Lessons from Ronnie and Maggie

18 February 2013

9:51 PM

18 February 2013

9:51 PM

Ramesh Ponnuru has written a splendid op-ed for today’s New York Times. Splendid, not because it is new or especially original, but because, alas, it’s central message needs repeating until, eventually, even the more dunderheaded class of Republican Congressman hears the message.

And it is a simple message. Namely, that asking ‘What would Ronald Reagan do?’ is almost about as useful as mining Martin van Buren, George II or Charlemagne for policy advice that will help solve today’s problems. I exaggerate of course, but only for effect. We are not now as we were then. Or, as Mr Ponnuru puts it:

Republicans are very good at tending the fire of Ronald Reagan’s memory but not nearly as good at learning from his successes. They slavishly adhere to the economic program that Reagan developed to meet the challenges of the late 1970s and early 1980s, ignoring the fact that he largely overcame those challenges, and now we have new ones. It’s because Republicans have not moved on from that time that Senators Marco Rubio and Rand Paul, in their responses to the State of the Union address last week, offered so few new ideas.

When Reagan cut rates for everyone, the top tax rate was 70 percent and the income tax was the biggest tax most people paid. Now neither of those things is true: For most of the last decade the top rate has been 35 percent, and the payroll tax is larger than the income tax for most people. Yet Republicans have treated the income tax as the same impediment to economic growth and middle-class millstone that it was in Reagan’s day.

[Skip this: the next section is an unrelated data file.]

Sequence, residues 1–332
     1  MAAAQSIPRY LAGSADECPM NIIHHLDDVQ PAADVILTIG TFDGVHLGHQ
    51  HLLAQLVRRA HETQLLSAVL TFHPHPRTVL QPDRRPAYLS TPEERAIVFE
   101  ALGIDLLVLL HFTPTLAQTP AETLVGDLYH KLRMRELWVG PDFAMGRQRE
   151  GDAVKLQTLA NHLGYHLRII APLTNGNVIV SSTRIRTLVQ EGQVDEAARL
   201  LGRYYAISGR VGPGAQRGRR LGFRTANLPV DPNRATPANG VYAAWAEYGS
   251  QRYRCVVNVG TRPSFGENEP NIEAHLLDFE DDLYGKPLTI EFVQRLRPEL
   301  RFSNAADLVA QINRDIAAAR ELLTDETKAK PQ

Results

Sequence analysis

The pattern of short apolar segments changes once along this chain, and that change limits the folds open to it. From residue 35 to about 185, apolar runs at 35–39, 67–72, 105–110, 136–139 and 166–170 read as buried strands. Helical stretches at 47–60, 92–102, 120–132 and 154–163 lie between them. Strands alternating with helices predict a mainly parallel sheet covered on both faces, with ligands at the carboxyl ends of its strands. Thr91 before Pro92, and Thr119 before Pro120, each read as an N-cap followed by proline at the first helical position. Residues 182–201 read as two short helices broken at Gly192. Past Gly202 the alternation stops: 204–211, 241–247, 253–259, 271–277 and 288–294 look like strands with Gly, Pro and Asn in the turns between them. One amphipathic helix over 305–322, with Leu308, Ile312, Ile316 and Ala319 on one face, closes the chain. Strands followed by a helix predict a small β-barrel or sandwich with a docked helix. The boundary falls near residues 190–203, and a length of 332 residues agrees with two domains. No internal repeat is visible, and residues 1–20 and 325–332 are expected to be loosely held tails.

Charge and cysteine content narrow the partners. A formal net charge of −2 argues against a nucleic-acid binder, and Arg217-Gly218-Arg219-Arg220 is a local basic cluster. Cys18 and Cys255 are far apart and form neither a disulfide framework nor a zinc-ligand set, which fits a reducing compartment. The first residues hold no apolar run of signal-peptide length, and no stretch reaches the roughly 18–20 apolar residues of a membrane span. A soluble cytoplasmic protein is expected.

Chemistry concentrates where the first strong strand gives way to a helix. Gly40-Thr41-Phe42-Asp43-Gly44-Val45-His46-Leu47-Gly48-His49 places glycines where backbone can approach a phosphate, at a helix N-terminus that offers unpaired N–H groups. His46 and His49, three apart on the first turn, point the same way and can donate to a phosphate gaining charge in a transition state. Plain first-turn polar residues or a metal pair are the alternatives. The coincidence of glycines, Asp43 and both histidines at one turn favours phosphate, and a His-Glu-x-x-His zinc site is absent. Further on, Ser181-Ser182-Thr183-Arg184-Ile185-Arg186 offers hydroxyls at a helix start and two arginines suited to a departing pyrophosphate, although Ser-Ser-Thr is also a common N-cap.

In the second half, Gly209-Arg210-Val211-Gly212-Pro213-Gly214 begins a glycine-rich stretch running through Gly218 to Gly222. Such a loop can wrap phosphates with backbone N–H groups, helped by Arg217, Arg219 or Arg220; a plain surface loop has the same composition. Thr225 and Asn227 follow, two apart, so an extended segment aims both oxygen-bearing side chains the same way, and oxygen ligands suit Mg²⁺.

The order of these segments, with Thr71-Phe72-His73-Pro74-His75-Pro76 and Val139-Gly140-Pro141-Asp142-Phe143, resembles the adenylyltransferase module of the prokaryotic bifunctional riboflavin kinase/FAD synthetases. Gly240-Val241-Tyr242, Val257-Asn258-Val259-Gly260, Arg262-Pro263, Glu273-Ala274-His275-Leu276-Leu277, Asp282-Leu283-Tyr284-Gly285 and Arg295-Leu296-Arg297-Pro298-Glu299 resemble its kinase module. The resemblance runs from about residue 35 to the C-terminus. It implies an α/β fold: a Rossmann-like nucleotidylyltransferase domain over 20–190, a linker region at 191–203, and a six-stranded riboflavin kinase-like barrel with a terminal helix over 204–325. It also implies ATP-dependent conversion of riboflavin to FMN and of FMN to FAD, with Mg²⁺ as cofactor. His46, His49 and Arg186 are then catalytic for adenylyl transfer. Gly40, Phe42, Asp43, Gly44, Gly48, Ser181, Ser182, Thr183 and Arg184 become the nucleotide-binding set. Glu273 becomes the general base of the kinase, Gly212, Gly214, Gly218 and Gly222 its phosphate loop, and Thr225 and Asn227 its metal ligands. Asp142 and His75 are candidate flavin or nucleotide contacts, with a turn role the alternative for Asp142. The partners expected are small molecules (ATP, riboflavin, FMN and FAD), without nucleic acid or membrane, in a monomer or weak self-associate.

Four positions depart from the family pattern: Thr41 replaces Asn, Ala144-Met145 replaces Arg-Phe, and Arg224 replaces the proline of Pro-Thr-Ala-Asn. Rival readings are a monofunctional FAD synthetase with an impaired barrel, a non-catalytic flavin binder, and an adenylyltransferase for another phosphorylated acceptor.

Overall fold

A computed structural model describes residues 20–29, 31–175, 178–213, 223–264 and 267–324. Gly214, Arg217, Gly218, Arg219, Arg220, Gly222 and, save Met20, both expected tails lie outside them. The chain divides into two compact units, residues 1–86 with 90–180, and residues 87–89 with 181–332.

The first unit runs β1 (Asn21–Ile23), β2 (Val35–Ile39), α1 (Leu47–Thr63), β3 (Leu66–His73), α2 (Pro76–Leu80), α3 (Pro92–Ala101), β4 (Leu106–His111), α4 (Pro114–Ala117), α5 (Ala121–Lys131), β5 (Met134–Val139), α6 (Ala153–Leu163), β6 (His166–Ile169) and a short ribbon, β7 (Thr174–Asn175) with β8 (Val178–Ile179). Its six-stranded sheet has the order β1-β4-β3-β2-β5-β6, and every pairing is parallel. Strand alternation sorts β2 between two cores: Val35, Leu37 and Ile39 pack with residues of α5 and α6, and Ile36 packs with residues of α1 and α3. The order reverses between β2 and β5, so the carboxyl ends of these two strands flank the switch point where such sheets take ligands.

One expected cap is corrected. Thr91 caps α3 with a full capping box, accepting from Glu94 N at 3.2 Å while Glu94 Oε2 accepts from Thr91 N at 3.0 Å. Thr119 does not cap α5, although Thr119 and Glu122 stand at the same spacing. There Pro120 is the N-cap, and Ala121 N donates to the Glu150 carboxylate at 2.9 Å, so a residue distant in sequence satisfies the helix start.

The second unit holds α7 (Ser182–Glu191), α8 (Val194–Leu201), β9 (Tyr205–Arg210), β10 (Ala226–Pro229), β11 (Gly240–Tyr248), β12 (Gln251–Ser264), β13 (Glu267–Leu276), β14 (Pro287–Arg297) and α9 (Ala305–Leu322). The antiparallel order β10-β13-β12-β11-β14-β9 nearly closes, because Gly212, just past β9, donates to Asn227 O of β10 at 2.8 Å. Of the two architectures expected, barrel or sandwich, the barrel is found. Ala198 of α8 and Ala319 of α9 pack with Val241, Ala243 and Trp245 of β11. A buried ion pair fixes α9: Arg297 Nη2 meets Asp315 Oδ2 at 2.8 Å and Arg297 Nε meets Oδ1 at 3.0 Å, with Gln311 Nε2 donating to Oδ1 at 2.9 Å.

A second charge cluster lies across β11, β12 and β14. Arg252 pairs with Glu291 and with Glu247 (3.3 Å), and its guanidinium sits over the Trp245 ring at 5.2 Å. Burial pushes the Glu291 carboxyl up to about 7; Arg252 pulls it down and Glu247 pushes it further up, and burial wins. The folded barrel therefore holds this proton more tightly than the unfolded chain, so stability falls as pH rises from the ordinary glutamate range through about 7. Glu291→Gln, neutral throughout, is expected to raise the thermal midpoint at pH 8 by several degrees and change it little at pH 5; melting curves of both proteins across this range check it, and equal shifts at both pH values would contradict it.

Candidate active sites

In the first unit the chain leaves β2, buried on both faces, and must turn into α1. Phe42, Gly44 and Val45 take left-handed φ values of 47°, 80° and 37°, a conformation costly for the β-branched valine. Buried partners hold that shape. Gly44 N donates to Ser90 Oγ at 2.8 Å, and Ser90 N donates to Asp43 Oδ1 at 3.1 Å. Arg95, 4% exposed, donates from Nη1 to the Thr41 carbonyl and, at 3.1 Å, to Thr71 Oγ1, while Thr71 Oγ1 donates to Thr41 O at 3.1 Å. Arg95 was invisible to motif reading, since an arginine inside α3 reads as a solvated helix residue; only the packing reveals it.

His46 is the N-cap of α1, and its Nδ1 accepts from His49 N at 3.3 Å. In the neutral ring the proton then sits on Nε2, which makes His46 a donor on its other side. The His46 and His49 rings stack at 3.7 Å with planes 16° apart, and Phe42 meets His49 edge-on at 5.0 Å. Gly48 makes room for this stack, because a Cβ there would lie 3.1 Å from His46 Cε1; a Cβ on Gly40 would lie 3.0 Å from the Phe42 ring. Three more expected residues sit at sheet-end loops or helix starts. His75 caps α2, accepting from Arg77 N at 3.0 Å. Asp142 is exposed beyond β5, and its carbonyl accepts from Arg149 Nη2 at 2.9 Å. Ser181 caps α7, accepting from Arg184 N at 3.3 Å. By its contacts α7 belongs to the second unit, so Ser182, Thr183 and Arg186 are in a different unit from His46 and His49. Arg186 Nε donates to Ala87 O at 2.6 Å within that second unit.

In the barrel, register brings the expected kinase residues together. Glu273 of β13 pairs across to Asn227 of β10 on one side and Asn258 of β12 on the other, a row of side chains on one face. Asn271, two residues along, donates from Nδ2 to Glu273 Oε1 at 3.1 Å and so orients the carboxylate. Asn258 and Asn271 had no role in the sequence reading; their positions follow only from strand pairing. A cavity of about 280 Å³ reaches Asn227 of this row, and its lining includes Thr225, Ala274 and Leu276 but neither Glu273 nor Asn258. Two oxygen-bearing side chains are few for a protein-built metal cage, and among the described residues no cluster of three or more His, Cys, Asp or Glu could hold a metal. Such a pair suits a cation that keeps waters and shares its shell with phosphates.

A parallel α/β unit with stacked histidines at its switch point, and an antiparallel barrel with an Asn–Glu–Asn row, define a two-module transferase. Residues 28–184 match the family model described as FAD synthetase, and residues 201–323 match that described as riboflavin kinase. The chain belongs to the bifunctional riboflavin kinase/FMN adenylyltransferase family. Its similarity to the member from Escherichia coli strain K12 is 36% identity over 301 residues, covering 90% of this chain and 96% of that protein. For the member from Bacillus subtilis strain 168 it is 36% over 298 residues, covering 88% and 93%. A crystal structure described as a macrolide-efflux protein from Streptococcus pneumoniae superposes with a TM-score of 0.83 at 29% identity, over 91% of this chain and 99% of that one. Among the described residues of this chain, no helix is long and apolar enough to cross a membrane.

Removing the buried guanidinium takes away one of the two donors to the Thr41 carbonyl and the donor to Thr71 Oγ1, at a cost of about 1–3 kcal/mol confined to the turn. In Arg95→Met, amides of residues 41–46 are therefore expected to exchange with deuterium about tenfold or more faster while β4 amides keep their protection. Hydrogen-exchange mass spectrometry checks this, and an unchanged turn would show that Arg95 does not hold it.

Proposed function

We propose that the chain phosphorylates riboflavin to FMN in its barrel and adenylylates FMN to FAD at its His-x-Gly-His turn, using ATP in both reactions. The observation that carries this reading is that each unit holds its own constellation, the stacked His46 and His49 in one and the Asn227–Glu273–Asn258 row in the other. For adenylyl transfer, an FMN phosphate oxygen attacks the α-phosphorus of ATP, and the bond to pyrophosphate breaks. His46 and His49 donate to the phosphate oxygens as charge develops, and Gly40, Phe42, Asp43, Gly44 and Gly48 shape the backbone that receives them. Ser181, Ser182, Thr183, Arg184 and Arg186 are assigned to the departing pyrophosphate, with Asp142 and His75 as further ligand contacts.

Indeed so. Something similar may be said of some members of today’s Tory party. Like some of their American cousins they also instinctively consult the household gods – of whom the Blessed Margaret is, reasonably, the supreme being – for inspiration. But we are not now as we were then.

Elementary, you may say. You would be right. Nevertheless there remain many Conservatives who think, for example, that every tax cut will ‘pay for itself’ or that what Britain’s labour market really needs is looser regulation because the Trades Unions remain a mighty blight upon the country’s economic competitiveness.


Alas, not every tax cut actually increases revenue. (Assuming, of course, you actually want to increase revenue.) Most, in fact, do not. There is all the difference in the world between slashing taxes when they are set at punitive rates and doing so when they are by international and recent-historical standards less than unprecedentedly high.

Similarly, whatever ails the British economy it is hard to claim seriously that it’s a too rigid labour market. Not when the British labour market is one of the most flexible in the western world. As for the Unions? Pschaw. An entertaining collection of bogeymen but hardly fit to light their predecessors’ Woodbines.

These are yesterday’s battles. They needed to be fought and it was good they were won. But they do not need refighting today as though they’d never been fought, far less won, at all.

A popular, muscular Conservatism today would be less concerned with the views of CEOs and more in tune with the sense, widespread, that the game is refereed differently depending upon who you are. Big business has brought many good things to Britain (and the world) but that does not mean Tory ministers must stay quiet when capitalist excesses forget the value of its workforce or customer base.

Soaking the rich is a poor idea but so too is supposing that anything which upsets the richest 5 per cent of Britons must be a disastrous notion. Moreover, though the idea of a society created and governed by spontaneous order is a lovely notion it is not, perhaps unfortunately, a practical proposition. Government is often inefficient and sometimes barbarous too. It is also needed. Tories who give the impression that setting fire to Whitehall will solve everything do their party few favours. The people are easily frightened. Sometimes they are sensible to be frightened too.